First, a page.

An ambitious, nationwide "moon shot" effort to treat cancer has received a shoutout from no less than President Barack Obama during his State of the Union address.

"For the loved ones we've all lost, for the Joe Biden family we can still save, let's make America the country that cures cancer once and for all," the U.S. president said on Tuesday, a quick pitch of the brainchild of Vice-President Joe Biden that aims to finally end the scourge.

Cancer MoonShot 2020

Cancer MoonShot 2020 is a national initiative for "next generation standard of care" in cancer sufferers.

Biden, whose adult son and former Delaware Attorney General Beau Biden died of brain cancer in early 2015, discussed its initial framework with biopharmaceutical companies and regulatory leaders back in December.

This effort will initiate randomized phase II trials in cancer patients at all stages in 20 tumor types, aiming to cover 20,000 patients within the next three years.

"These findings will inform Phase III trials and the aspirational moonshot to develop an effective vaccine-based immunotherapy to combat cancer by 2020," said the Cancer MoonShot 2020 website.

The initial framework spawned the National Immunotherapy Coalition (NIC), a cross-industry research group made up of pharmaceuticals such as Merck and GlaxoSmithKline, biotech companies, and academic institutions such as MD Anderson.

Dubbed the QUILT program, this project will launch clinical trials combining data on over 60 cancer immunotherapies in up to 20 cancer types, including brain, blood, lung, breast, and pancreatic cancers.

The therapies will be open-accessed in the pursuit of long-term remission in cancer patients in phase I and II research.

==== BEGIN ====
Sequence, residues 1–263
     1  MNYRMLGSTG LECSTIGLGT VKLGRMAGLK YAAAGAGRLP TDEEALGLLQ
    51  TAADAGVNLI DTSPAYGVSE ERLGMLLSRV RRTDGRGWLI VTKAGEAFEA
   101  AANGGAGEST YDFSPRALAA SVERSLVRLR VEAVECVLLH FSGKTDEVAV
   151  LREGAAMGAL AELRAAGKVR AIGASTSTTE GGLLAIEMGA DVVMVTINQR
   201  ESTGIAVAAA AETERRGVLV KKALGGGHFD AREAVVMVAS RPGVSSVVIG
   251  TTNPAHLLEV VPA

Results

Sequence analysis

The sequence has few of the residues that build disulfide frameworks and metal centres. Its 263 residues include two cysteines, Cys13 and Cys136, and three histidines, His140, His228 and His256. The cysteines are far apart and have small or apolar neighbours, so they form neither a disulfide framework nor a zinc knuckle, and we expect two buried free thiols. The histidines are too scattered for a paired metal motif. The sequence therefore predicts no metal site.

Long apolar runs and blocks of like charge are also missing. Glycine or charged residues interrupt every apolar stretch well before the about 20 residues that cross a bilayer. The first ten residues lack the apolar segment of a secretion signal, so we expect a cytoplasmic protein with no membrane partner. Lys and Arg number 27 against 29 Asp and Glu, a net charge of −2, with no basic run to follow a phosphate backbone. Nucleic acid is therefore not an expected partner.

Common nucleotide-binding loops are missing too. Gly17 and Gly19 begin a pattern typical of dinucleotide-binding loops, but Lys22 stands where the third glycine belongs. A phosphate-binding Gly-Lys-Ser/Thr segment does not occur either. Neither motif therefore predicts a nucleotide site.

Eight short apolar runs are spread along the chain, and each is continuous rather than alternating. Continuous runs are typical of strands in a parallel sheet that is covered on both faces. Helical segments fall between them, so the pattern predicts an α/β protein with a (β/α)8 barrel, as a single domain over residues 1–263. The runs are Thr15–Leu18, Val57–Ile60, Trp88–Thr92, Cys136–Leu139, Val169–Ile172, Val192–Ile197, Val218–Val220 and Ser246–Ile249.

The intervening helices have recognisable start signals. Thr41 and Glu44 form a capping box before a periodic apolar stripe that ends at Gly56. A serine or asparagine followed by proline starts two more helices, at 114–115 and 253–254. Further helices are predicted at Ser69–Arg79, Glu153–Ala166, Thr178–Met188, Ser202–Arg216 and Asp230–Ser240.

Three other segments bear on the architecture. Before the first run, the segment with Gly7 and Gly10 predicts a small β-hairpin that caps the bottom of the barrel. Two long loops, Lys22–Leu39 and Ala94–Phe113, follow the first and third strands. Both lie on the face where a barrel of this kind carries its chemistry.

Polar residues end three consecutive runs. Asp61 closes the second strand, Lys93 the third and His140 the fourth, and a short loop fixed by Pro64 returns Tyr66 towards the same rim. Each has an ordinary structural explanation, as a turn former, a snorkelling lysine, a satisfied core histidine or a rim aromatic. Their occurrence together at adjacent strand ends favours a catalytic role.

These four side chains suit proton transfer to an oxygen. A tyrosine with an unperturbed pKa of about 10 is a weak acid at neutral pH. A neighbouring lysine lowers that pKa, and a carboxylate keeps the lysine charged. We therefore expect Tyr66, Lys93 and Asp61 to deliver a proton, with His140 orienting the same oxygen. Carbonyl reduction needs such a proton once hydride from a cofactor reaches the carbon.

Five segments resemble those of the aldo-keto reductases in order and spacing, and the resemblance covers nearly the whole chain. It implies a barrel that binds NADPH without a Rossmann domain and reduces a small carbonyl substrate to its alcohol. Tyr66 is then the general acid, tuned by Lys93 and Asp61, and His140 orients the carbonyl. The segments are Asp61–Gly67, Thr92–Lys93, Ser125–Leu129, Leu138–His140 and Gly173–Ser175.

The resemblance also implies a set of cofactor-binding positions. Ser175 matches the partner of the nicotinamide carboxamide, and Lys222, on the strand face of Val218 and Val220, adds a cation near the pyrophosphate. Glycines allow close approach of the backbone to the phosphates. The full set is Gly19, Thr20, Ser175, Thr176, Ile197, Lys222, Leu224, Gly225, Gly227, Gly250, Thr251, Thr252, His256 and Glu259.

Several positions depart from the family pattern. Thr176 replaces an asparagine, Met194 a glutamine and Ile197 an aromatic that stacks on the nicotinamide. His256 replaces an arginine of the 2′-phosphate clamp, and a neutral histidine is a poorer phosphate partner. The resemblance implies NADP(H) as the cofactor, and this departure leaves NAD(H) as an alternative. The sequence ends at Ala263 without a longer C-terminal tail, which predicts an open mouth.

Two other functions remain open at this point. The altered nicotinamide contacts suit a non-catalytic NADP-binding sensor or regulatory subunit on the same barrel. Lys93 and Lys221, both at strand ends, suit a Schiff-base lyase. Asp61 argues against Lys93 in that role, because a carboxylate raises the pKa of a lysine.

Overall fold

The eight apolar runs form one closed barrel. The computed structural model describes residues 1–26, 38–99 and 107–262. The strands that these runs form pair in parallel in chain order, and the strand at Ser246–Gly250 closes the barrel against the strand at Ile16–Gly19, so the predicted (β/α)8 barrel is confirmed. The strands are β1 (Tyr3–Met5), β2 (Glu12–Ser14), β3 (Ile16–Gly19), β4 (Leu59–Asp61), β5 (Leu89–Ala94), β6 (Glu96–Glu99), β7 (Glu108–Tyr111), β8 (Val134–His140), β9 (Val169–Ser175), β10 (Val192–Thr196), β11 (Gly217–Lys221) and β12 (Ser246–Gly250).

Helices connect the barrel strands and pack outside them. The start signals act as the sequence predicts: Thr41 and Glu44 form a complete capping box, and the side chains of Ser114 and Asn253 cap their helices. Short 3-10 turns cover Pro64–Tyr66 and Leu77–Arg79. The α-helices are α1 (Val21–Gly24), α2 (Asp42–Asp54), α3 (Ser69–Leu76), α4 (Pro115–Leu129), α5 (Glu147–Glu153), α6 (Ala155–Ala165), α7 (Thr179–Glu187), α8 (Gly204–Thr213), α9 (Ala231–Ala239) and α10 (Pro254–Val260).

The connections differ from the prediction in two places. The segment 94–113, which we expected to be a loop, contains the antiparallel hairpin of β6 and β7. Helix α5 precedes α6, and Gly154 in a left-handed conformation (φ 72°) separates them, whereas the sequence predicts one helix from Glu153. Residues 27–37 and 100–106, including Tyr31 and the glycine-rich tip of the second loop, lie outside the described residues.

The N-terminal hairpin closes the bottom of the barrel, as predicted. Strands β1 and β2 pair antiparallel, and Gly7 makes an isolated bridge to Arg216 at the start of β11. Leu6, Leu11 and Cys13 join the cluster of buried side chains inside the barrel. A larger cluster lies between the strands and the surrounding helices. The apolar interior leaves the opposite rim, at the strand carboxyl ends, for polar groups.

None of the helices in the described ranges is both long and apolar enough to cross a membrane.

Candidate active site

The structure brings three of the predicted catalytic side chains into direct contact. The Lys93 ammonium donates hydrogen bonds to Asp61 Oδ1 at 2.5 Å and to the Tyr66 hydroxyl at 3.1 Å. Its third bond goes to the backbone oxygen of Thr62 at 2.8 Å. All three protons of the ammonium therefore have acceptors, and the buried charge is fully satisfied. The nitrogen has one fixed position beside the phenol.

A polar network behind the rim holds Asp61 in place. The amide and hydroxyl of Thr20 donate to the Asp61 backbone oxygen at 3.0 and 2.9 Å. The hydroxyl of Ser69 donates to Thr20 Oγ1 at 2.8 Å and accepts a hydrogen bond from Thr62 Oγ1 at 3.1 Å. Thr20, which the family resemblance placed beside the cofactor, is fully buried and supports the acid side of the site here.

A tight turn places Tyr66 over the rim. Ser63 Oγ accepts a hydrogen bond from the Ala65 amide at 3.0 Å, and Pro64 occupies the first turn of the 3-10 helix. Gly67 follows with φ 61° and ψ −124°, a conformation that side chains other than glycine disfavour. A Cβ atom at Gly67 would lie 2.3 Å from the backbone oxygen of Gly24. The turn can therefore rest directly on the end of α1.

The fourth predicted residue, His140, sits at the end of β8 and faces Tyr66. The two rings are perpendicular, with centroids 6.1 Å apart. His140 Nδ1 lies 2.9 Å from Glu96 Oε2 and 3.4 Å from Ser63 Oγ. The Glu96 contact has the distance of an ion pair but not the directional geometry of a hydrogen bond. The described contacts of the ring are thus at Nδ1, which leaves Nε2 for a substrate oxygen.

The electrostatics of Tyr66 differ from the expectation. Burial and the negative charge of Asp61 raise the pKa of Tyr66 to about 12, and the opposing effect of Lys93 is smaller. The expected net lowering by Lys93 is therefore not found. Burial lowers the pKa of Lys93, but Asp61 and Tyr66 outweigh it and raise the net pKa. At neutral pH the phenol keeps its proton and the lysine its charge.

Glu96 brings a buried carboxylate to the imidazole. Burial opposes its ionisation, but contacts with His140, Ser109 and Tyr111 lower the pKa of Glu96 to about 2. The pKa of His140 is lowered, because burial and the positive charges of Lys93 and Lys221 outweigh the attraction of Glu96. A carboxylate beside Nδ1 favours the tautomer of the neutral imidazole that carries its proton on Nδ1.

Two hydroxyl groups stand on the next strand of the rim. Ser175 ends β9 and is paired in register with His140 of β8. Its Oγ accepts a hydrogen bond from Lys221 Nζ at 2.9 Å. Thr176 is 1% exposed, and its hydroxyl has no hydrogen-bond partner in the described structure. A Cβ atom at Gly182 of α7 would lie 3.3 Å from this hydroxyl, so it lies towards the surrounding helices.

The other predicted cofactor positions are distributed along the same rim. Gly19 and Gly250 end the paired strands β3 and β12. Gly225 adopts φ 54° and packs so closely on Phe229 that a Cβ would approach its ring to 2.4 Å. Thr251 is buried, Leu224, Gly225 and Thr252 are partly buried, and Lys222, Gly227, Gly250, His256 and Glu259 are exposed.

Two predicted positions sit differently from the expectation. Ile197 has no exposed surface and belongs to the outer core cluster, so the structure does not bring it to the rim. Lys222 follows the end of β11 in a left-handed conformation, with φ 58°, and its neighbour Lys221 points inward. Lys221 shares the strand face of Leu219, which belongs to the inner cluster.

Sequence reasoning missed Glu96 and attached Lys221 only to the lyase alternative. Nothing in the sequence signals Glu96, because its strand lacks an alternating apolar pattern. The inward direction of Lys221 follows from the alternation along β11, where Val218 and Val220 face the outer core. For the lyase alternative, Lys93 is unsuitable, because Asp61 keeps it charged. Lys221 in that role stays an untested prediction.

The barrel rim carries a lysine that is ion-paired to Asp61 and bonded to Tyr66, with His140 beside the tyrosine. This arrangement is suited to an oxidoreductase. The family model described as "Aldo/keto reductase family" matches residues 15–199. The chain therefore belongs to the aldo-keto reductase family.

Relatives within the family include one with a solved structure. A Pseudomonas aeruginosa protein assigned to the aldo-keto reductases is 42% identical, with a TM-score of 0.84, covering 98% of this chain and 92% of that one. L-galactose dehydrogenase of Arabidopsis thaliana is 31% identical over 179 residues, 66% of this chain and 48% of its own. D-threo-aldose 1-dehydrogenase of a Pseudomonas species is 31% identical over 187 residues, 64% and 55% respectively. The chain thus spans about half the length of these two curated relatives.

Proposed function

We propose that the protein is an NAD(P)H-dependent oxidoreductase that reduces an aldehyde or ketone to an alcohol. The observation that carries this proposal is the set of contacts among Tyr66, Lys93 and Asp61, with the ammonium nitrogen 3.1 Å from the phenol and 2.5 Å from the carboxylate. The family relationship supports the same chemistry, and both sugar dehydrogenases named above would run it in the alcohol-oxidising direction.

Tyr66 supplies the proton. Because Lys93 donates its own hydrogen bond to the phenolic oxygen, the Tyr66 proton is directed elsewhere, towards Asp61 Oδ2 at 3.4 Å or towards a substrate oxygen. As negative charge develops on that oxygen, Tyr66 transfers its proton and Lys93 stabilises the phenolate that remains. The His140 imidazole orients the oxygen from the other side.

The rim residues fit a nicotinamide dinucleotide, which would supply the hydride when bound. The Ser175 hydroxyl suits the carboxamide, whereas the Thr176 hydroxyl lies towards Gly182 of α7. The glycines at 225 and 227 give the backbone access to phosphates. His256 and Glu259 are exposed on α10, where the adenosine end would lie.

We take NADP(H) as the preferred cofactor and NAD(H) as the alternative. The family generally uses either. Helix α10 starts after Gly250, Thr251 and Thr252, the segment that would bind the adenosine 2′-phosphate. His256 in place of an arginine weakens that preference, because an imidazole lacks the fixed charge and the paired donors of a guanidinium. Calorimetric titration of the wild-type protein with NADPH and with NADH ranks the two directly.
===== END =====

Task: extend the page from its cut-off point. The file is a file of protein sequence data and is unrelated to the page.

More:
"And because he's gone to the mat for all of us, on so many issues over the past 40 years, I'm putting Joe in charge of mission control," Obama announced during his last address.

Last year, Biden declared that he would no longer pursue the Democratic presidential nomination. "[I]f I could have been anything, I would have wanted to be the president that ended cancer," he said.

At least one insurer is getting on board. Independence Blue Cross said it will cover patient costs for the research's next-generation whole genome sequencing. CEO Daniel J. Hilferty expressed commitment to providing state-of-the-art oncological advances and offering "accessible and affordable" care.

Quite A Moon Shot?

The American Cancer Society noted that deaths from cancer are down 23 percent in the last 21 years. This year, experts predicted that there will be more than 1.6 million new cases of the disease as well as more than 595,000 deaths in the U.S. alone.

ACS chief medical officer Dr. Otis Brawley said the Obama-endorsed plan may not be too realistic after all. "In my world, 'cure' is a four letter word, but we are going to cure some people," Dr. Brawley said, adding that it is likely impossible to find a single cure to fix at least 200 types of cancer around.

Nobel Prize winner Dr. Harold Varmus, who formerly sat as the National Cancer Institute's director, said the biological differences in cancer types present a tough problem.

"Curing cancer is tough and the biological variation in cancer types is profound and presents a big problem with all the different mutations in different cancers," he said.

Dr. Varmus highlighted the disease as a crucial "political cause" feared much less today given cure-related developments since the time of President Richard Nixon, who declared a war on cancer during his time.

High Time for Cancer Cure

It's high time to have cancer cure as a presidential priority, according to analysts such as Dr. Wally Curran, Winship Cancer Institute's executive director.

"If we had this happen during the Reagan era, we didn't have the science to take this far enough," he said. He thought that while a total cure is a long shot, taking the research further will enhance life expectancy and make cancer treatment akin to chronic disease management.

In his statement following Obama's speech, Biden said he will promote collaboration in these efforts in hopes of sharing the research that is stuck in silos and impeding "faster progress and greater reach to patients."

Dr. Varmus also pinpointed reimbursement as a key move, particularly those from Medicare and Medicaid. A mere 5 percent of cancer sufferers, for instance, get to participate in clinical trials.

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